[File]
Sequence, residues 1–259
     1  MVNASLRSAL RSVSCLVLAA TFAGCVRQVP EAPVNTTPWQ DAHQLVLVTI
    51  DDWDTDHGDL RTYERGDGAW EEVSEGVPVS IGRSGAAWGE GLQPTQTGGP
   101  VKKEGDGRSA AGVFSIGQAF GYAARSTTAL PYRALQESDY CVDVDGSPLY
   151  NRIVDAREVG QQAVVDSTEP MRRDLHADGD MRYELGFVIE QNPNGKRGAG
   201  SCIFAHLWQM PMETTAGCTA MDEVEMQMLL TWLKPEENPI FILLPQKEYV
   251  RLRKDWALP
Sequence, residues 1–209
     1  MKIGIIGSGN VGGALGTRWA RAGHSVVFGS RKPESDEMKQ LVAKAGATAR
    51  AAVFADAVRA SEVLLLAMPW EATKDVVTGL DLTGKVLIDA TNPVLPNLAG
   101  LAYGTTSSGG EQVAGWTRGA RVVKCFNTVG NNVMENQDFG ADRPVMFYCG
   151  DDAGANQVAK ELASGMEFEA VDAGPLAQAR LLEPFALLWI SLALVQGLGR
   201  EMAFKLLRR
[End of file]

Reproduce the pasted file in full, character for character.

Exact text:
Sequence, residues 1–259
     1  MVNASLRSAL RSVSCLVLAA TFAGCVRQVP EAPVNTTPWQ DAHQLVLVTI
    51  DDWDTDHGDL RTYERGDGAW EEVSEGVPVS IGRSGAAWGE GLQPTQTGGP
   101  VKKEGDGRSA AGVFSIGQAF GYAARSTTAL PYRALQESDY CVDVDGSPLY
   151  NRIVDAREVG QQAVVDSTEP MRRDLHADGD MRYELGFVIE QNPNGKRGAG
   201  SCIFAHLWQM PMETTAGCTA MDEVEMQMLL TWLKPEENPI FILLPQKEYV
   251  RLRKDWALP
Sequence, residues 1–209
     1  MKIGIIGSGN VGGALGTRWA RAGHSVVFGS RKPESDEMKQ LVAKAGATAR
    51  AAVFADAVRA SEVLLLAMPW EATKDVVTGL DLTGKVLIDA TNPVLPNLAG
   101  LAYGTTSSGG EQVAGWTRGA RVVKCFNTVG NNVMENQDFG ADRPVMFYCG
   151  DDAGANQVAK ELASGMEFEA VDAGPLAQAR LLEPFALLWI SLALVQGLGR
   201  EMAFKLLRR